⌚ September 30, 2014
A while back I gave my impressions about using two SanDisk 64 GB microSD cards in a dual-micro SD adapter to produce a single 128 GB Memory Stick Duo for Sony devices.
This 128 GB arrangement continues to work superbly despite the slow transfer rates limited by the dual-micro SD adapter.
Since then, Samsung has introduced the Samsung 64 GB EVO microSDXC card that is supposed to offer faster transfer rates and increased durability.
Does it? Here are my thoughts based upon my usage.
Micro SD cards are great! Suppose you have three different devices, and each device requires its own card type: SD, Micro SD, and Memory Stick Duo. You want to give each device 64 GB, but this means purchasing three different types of memory cards — each with a 64 GB capacity. This can get expensive.
Why not have one 64 GB card that will fit in each device using an adapter? This is where micro SD proves its worth since it is small enough to fit in almost any type of adapter that supports it. Instead of having three different types of memory cards, use one 64 GB micro SD and share it among the three devices using adapters.
This can save a bundle of money and offer increased storage space. Especially for Sony Memory Sticks that might not offer 128 GB and higher capacities. Also, if those capacities are available in the Memory Stick Pro Duo format, then they tend to be more expensive than other formats, such as SD.
Of course, other factors, such as file formats and needed transfer rates, might affect performance, but I have been very happy with the micro SD route.
128 GB Memory Stick
Sony devices often require expensive, proprietary Memory Sticks. I wanted 128 GB of storage space, but a 128 GB Memory Stick did not exist at the time. What to do? One usable trick is to obtain a dual micro SD to Memory Stick Duo adapter, and use two 64 GB micro SD cards for a total of 128 GB. Sony cameras, video recorders, the PlayStation Portable (PSP), and computers see the Memory Stick Pro Duo as a single 128 GB card. It works beautifully, but the access times are slower due to the slow speed of the dual-slot adapter.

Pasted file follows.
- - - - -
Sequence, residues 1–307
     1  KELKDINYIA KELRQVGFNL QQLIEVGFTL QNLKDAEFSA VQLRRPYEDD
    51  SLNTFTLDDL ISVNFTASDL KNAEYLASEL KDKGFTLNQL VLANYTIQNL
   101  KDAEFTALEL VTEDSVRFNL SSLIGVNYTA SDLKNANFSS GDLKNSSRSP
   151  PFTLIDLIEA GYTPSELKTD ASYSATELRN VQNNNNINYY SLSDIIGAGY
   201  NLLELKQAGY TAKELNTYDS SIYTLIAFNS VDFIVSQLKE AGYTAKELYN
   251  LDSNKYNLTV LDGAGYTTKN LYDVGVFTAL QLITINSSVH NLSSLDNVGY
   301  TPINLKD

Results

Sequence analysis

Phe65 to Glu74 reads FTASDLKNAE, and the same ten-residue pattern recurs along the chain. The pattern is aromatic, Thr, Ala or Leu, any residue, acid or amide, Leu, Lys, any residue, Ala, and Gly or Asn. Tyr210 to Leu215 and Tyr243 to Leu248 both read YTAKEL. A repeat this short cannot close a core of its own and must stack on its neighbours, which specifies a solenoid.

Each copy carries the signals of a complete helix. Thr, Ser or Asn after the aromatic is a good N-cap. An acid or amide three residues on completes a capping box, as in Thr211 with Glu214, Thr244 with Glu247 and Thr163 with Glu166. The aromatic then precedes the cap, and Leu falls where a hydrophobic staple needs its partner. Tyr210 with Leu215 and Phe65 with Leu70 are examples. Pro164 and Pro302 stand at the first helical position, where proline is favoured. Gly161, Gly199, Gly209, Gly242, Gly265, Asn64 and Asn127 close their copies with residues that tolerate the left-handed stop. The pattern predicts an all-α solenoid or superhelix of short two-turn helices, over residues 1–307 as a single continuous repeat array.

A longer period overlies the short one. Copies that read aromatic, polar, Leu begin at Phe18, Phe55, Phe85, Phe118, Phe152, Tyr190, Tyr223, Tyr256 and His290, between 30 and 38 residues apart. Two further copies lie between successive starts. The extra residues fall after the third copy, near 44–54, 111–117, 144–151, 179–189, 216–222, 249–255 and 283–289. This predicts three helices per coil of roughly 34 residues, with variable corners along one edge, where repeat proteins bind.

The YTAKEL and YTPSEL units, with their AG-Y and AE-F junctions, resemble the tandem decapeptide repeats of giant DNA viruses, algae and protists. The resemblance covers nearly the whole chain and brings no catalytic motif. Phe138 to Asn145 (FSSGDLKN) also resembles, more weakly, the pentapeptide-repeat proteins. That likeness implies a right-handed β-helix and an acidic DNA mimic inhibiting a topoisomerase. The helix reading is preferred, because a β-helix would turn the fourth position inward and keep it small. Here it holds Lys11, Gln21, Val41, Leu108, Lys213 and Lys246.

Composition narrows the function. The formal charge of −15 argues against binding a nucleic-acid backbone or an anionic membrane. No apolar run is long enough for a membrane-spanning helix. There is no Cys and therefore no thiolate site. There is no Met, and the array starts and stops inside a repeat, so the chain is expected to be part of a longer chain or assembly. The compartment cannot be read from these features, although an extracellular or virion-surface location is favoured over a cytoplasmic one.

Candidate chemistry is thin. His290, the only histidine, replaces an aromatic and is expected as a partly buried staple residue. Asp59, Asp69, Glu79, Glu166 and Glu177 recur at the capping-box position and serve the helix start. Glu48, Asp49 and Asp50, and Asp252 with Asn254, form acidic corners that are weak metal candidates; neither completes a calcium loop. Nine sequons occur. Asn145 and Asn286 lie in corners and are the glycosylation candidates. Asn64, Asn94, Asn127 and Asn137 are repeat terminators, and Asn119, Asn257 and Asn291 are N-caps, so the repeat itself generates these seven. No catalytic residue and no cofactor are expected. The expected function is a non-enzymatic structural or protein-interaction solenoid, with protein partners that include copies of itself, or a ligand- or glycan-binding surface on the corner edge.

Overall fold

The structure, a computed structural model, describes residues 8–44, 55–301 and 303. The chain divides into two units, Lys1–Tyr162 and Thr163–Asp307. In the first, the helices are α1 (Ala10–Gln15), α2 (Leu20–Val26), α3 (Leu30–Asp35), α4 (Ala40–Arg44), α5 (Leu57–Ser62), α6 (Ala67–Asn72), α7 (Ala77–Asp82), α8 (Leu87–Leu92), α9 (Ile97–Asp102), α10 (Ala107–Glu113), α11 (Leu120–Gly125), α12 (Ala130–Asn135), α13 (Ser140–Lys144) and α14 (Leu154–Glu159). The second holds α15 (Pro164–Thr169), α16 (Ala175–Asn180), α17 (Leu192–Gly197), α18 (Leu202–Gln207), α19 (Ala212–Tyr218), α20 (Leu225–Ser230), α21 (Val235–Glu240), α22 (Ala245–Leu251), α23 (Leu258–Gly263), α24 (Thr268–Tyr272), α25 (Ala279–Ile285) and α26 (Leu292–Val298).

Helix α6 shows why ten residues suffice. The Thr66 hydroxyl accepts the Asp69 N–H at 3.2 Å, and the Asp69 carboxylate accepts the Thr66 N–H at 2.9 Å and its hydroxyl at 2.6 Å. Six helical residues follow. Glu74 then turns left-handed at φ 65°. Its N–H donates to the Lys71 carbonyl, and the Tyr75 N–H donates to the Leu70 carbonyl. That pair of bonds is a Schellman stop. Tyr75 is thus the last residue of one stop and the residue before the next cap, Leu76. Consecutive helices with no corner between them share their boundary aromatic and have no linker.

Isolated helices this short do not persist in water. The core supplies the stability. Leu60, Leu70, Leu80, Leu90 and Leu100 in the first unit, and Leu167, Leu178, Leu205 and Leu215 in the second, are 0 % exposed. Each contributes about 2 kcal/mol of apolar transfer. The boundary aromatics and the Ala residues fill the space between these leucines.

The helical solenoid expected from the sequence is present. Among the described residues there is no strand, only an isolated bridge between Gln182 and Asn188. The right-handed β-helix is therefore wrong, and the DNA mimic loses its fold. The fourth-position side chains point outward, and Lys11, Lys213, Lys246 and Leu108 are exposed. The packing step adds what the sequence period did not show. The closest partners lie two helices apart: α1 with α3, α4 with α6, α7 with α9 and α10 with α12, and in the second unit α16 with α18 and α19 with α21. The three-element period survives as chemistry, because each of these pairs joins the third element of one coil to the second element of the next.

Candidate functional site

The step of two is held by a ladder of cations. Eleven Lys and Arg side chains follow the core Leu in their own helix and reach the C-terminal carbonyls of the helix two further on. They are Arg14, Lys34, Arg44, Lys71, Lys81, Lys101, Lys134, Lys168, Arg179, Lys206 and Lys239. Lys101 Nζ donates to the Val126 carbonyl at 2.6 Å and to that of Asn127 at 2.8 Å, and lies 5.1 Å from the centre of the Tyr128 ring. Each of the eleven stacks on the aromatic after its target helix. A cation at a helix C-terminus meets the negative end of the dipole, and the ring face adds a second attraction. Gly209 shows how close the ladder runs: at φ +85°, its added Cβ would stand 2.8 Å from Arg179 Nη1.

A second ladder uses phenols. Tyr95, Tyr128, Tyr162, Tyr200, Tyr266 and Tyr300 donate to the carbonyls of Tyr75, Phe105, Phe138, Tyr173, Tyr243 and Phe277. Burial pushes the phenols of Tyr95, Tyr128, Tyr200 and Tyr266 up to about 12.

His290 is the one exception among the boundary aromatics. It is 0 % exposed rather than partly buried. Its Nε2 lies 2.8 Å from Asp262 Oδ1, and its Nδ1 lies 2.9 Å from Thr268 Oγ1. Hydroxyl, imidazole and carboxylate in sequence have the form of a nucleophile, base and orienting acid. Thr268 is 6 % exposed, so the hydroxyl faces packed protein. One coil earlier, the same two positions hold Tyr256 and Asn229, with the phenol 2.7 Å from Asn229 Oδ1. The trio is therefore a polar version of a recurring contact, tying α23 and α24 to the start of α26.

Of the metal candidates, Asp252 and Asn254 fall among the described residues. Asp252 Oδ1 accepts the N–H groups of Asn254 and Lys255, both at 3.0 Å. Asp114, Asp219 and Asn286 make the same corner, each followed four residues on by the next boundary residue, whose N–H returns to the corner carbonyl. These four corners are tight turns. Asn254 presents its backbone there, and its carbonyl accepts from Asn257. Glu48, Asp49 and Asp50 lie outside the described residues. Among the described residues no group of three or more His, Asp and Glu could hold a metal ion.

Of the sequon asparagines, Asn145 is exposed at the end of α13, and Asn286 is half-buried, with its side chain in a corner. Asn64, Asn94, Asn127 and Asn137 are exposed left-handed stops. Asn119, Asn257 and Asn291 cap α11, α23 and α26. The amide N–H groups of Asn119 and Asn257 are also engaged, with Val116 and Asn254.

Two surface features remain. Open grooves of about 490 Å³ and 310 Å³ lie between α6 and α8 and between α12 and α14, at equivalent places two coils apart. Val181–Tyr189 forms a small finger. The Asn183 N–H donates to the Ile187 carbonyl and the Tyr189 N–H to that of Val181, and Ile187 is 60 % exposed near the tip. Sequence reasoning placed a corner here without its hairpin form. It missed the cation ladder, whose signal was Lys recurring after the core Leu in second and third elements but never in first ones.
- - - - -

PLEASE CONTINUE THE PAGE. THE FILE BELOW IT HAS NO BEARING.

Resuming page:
Samsung 64 GB EVO Class 10
How does Samsung’s micro SD card compare to the SanDisk micro SD? Does it really offer 48 MB/s transfer rates? First, here is a look at the packaging.
The front of the package proudly proclaims Class 10 48 MB/s performance.
Micro SD Cards are small. The Samsung EVO includes a micro SD to SD adapter to fit the micro SD card into devices that only accept SD cards.
Samsung EVO Differences
So, what does the Samsung EVO micro SD card offer? According to the back of the packaging (because that is what is in front of me), the Samsung EVO micro SD claims to be…
- Water Proof
- Magnet Proof
- Temperature Proof
- X-Ray Proof
- Class 10
The Samsung EVO card feels just as light, small, and flimsy as other micro SD cards, so I have no idea how true these claims are. This was a pricey item at the time of purchase, so I have no intention of deliberately placing the wafer-thin card through physical stress tests to find out.
I have been using two of these cards for the past several months, and they continue to perform reliably as a single 128 GB card in a dual adapter. However, the adapter resides inside a device, which protects the micro SD cards from the outside elements.
Capacity and Formatting
A single card arrives preformatted with exFAT and 58.55 GB of free space.
128 GB Memory Stick Duo Using Dual Adapter
Two Samsung 64 GB EVO micro SD cards will fit in a Memory Stick Pro Duo Dual Slot Adapter to create a single Memory Stick Duo card that is ~126 GB in size (before formatting). No, the 126 GB is not a typo.
One micro SD card fits in the slot marked 1, and a second micro SD card fits in the slot marked 2.
The device sees the Memory Stick Duo as a single 126 GB card. It is formatted and used like any other card. However, once formatted, the micro SD cards must not be removed from the adapter or else there will be a risk of data loss. File information seems to be stored on the first card, so data residing on Card 1 might still be accessible, but if Card 2 is removed, then data stored on it cannot be retrieved. As a simple rule, treat the two micro SD cards as one card after formatting, and avoid removing them from the adapter.
The Dual Slot Adapter can be inserted in a Memory Stick adapter for devices requiring a Memory Stick.